The documentary The True Cost sheds light on this topic, and I have also written about it here. While it may seem like there is not a lot we can do, we have so much more power than we realize! We vote with every dollar we spend. We also have voices that we can use to ask questions, such as “Who made my clothes?” Fashion Revolution week is coming up next week (4/23-4/29), and it’s the perfect time to start becoming more curious about where our clothes come from.


Questions to Ask Before You Buy

Before you buy anything, no matter what brand it is, it is important to ask yourself a few things.

1 – Do I really love this?

2 – Does it go with what I already own?

3 – Will I wear it multiple times?

The cost-per-wear is important an important concept to take into account. If you can only wear that $20 dress once before it falls apart, that’s $20 per wear. But if you invest in a dress that’s $200 and you wear it 20 times, that ends up being $10 per wear and is much less expensive in the long run because you won’t be replacing it constantly.


10 Ways to Be Ethical and Look Fabulous

By Julie Weinstein

1. In this dress that would be perfect for 4th of July!

2. In this jumpsuit that looks like the most comfortable thing ever.

3. In this semi sheer button up shirt that would be oh so cute over bathing suits, with jean shorts, over a dress, and everything in between.

4. In these slides that I’m about to “add to cart.”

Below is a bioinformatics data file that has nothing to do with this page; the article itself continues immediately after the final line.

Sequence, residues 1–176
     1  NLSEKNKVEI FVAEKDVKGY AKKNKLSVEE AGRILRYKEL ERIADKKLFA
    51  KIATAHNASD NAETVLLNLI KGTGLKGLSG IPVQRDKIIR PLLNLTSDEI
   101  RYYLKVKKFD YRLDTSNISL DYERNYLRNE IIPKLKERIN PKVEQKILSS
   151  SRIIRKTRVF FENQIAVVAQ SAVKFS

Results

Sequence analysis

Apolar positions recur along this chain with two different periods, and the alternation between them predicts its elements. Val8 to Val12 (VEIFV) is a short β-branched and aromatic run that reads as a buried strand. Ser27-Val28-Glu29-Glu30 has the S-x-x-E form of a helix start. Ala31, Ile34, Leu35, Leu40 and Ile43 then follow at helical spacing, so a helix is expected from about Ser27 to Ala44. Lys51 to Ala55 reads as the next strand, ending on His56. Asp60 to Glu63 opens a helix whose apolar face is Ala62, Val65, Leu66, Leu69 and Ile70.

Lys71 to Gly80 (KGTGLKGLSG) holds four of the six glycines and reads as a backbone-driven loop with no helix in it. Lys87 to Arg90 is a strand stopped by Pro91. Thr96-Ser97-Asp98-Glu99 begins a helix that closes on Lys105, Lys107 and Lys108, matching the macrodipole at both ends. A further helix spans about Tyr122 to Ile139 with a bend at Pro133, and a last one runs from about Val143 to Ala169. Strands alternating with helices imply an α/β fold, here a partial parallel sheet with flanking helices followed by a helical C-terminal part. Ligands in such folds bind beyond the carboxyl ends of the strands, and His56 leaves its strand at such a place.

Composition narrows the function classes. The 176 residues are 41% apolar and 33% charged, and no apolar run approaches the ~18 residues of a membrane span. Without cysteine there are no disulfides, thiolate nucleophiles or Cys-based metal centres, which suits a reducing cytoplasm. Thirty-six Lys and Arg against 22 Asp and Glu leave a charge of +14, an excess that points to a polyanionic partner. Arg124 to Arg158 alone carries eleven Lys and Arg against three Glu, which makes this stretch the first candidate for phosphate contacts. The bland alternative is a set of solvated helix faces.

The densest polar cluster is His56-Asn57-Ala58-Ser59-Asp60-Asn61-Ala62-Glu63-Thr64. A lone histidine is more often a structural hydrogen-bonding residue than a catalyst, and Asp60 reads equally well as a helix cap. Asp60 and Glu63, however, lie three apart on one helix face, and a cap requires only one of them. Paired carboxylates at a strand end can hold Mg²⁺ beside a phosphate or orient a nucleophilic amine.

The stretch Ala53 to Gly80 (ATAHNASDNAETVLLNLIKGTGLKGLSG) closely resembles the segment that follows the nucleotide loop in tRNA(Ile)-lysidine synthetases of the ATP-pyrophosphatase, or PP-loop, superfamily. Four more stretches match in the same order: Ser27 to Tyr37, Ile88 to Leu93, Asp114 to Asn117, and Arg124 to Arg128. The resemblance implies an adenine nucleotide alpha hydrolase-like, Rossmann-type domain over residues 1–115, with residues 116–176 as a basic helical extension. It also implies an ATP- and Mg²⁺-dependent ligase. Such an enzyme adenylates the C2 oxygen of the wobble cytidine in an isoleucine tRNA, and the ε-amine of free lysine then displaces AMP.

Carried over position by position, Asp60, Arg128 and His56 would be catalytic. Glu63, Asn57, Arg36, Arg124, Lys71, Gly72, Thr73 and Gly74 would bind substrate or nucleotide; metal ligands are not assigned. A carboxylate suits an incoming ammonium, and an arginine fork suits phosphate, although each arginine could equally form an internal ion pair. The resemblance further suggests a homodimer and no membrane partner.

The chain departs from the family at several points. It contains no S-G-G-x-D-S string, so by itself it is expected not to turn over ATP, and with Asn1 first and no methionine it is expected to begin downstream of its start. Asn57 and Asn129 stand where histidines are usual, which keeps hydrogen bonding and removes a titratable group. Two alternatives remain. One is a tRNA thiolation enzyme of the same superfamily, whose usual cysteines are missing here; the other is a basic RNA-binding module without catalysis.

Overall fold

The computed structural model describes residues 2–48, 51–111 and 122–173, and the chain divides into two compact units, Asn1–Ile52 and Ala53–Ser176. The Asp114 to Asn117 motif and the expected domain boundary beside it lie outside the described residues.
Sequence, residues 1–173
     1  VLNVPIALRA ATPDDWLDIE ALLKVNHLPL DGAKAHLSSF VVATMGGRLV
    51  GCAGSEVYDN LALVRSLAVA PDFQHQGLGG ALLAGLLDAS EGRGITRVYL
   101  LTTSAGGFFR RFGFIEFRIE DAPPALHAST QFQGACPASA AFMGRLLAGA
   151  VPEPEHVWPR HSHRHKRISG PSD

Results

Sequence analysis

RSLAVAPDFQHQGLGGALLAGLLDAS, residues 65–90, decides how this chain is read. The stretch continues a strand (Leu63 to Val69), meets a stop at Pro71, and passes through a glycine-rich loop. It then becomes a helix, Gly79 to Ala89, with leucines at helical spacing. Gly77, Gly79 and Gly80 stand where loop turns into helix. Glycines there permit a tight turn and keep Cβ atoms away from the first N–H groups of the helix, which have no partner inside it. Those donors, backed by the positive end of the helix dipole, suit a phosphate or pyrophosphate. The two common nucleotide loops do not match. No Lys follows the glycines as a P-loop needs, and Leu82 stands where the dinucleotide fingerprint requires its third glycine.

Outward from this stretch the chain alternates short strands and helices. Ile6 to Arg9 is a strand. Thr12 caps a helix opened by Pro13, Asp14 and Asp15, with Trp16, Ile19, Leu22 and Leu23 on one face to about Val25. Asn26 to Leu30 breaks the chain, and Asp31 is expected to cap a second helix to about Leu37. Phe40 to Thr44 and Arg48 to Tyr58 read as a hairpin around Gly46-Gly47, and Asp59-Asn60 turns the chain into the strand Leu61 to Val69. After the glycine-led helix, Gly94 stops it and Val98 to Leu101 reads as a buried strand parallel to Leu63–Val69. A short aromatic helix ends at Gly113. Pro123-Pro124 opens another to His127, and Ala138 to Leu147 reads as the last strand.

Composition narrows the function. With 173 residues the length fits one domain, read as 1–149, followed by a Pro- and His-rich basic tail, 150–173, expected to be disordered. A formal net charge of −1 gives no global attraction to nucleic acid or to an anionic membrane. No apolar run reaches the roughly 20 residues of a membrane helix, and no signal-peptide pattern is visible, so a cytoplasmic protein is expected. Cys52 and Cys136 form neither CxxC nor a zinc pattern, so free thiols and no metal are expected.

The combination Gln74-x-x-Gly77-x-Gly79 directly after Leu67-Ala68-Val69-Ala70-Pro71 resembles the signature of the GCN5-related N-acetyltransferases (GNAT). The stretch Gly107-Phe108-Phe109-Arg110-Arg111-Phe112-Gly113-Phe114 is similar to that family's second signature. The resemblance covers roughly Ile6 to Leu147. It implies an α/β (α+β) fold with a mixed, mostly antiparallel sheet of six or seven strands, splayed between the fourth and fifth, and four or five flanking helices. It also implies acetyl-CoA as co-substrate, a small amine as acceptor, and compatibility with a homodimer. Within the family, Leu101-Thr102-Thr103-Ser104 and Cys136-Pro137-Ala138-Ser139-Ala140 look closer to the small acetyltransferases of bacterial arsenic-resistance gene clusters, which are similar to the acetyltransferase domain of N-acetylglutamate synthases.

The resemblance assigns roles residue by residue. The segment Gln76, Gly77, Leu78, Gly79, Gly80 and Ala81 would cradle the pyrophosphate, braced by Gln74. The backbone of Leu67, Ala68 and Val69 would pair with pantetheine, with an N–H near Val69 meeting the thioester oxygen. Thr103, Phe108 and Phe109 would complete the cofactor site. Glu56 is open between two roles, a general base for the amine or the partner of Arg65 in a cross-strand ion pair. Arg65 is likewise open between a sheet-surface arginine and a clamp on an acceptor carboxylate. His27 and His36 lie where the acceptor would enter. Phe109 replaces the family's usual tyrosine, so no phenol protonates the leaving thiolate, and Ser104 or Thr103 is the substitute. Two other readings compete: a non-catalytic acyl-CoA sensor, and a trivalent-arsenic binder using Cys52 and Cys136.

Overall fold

5. In this striped little sweater.

6. In this colorful striped one piece that will look perfect on your next beach vacay.

7. In this blush pink dress that isn’t only adorable, but comfortable, too.

8. In this striped tank that would be perfect all summer long with cut off denim shorts.

9. In this dress that could be the sweetest piece ever.

10. In these mustard yellow mules. Enough said.

The Ethical and Sustainable Brands We Love

Another great thing about ethical and sustainable fashion is that the brands and designers that fall under these categories are fabulous! You absolutely won’t be sacrificing style when shopping ethically. Below is just a small sampling of the brands and designers we love along with some of our favorite pieces you can shop right now. As well, be sure to check out Moda Operandi’s edit full of incredible pieces.

Cuyana – beautiful leather goods / motto – “fewer, better things”

Eileen Fisher – a pioneer of ethical and sustainable fashion / See Carrie in Eileen Fisher here

Everlane – great, affordable basics / very transparent about their costs and supply chain

Mara Hoffman – big proponent of socially and environmentally responsible practices / See Carrie in Mara Hoffman here and here

Rag & Bone – edgy, classic perfection / See Carrie in Rag & Bone here and here

Stella McCartney – high-end vegan bags and shoes / See Carrie in Stella McCartney here

Vivienne Westwood – mantra – “buy less, choose well, make it last”